Market Research Boosts Recruitment Strategy

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Market research is an essential step in the talent acquisition process and, surprisingly, is a step that may be inadequately implemented or missed all together. During my time in recruiting and sourcing roles, I learned how helpful market research was when starting the initial search for candidates. It’s helpful when identifying current supply and demand, challenges and opportunities. It gave me a solid starting point when pipelining candidates, making my search more efficient and effective. It’s also helped me reposition the position to be competitive.

Here are a few simple things you should review while initially performing market research:

  • Supply and demand reports: pulling these reports can provide some great insight into the talent market. Understanding how many candidates are available in comparison to posted jobs will allow a recruiter to see what they’re up against. Also, understanding average compensation, popular job titles and typical candidate profiles can allow a recruiter to reposition the verbiage if needed to ensure their job postings are more visible.
  • Competitor intelligence: in some cases, the supply and demand reports will also show top job posters in the market. This can make it easy for recruiters to see organizations that are aggressively recruiting for the same types of candidates. In researching these companies, recruiters can develop their outreach and steer conversations with candidates in a way that can highlight positives of the job and company, creating a competitive twist.
  • Pipelining: not all markets and job roles are the same, so it’s important for a recruiter to research the most popular resources to find candidates before investing in these channels. Investigate job boards, social media, career fairs, and so on to see the best places to post your job and source for talent.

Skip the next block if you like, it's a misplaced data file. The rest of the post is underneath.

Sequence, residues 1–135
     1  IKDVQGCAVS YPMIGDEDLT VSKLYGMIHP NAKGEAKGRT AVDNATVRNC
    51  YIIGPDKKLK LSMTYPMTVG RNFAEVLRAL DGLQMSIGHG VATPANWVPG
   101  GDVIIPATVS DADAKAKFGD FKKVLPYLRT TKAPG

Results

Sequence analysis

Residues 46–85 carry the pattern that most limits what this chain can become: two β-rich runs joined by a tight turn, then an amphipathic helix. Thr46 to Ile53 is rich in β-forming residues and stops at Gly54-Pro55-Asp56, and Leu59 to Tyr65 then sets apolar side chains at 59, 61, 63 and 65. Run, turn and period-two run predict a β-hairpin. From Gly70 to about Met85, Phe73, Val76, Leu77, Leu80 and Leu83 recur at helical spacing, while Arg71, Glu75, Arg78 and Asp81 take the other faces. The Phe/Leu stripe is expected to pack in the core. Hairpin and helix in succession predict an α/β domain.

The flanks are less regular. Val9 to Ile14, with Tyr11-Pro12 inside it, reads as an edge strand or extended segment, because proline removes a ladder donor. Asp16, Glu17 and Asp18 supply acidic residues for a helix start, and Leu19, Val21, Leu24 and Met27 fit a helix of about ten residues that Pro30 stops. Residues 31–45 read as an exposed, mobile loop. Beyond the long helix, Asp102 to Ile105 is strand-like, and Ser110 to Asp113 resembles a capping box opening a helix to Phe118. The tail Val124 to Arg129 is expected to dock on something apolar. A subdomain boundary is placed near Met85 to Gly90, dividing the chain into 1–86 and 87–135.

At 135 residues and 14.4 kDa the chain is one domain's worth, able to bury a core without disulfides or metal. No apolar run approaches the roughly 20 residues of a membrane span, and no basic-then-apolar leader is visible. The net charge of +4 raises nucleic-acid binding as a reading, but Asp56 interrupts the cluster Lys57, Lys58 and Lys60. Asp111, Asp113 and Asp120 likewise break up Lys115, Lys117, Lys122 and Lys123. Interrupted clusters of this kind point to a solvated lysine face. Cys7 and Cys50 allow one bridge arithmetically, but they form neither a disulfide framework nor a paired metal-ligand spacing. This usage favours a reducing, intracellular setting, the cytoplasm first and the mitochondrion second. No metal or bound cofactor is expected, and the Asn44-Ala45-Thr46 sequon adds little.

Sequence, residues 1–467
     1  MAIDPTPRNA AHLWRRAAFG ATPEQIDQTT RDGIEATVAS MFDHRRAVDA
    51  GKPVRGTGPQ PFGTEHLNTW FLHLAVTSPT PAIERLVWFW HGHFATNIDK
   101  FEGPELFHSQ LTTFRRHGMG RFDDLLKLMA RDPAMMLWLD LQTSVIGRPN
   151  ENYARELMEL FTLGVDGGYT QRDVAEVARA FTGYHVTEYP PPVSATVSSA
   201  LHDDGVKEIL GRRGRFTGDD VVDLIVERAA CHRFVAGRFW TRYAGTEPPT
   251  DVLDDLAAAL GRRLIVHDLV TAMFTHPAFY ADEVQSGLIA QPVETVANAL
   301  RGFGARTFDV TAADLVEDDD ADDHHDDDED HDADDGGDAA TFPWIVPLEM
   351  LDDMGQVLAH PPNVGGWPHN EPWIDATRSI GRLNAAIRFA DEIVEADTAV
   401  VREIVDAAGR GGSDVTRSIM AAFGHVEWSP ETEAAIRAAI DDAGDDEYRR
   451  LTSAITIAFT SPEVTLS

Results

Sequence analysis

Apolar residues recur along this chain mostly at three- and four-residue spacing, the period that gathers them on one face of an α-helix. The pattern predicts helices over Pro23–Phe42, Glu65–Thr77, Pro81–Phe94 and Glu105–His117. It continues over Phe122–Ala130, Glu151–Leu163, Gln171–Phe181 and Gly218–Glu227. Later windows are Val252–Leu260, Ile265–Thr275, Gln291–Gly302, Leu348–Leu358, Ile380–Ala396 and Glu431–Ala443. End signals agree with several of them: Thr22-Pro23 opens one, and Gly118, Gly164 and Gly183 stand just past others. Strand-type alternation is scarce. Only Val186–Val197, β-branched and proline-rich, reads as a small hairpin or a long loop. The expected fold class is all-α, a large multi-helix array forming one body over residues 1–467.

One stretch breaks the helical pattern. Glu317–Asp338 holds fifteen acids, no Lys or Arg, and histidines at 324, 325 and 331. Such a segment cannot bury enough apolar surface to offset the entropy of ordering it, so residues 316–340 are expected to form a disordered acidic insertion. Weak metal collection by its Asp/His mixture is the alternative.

• Partnerships: building relevant partnerships in the talent market can be a great way for you to get your job in front of the right people and allow for opportunities to network with candidates. Research relevant professional organizations, universities/colleges/technical schools, veteran assistance programs, chamber of commerce associations, professional meet ups, and so on to really get a feel for these opportunities.

Although these are four simple suggestions to initially pull market research, it’s surprising how helpful this information can be. It’s allowed my job postings and networking to become more visible, thus allowing for more traffic. It was especially helpful during times I was a virtual recruiter and couldn’t physically do these things. It’s helped me get in front of relevant candidates and identify different ways to position my postings and conversations to ensure my jobs were competitive in the market. Do yourself a favor next time you get a new requisition and perform some of the steps above. I’d love to hear how it impacts your success rate.

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Why Sourcers are Crucial for Talent Acquisition

An American judge must decide who is right between Sir Arthur Conan Doyle's estate and a Sherlock Holmes expert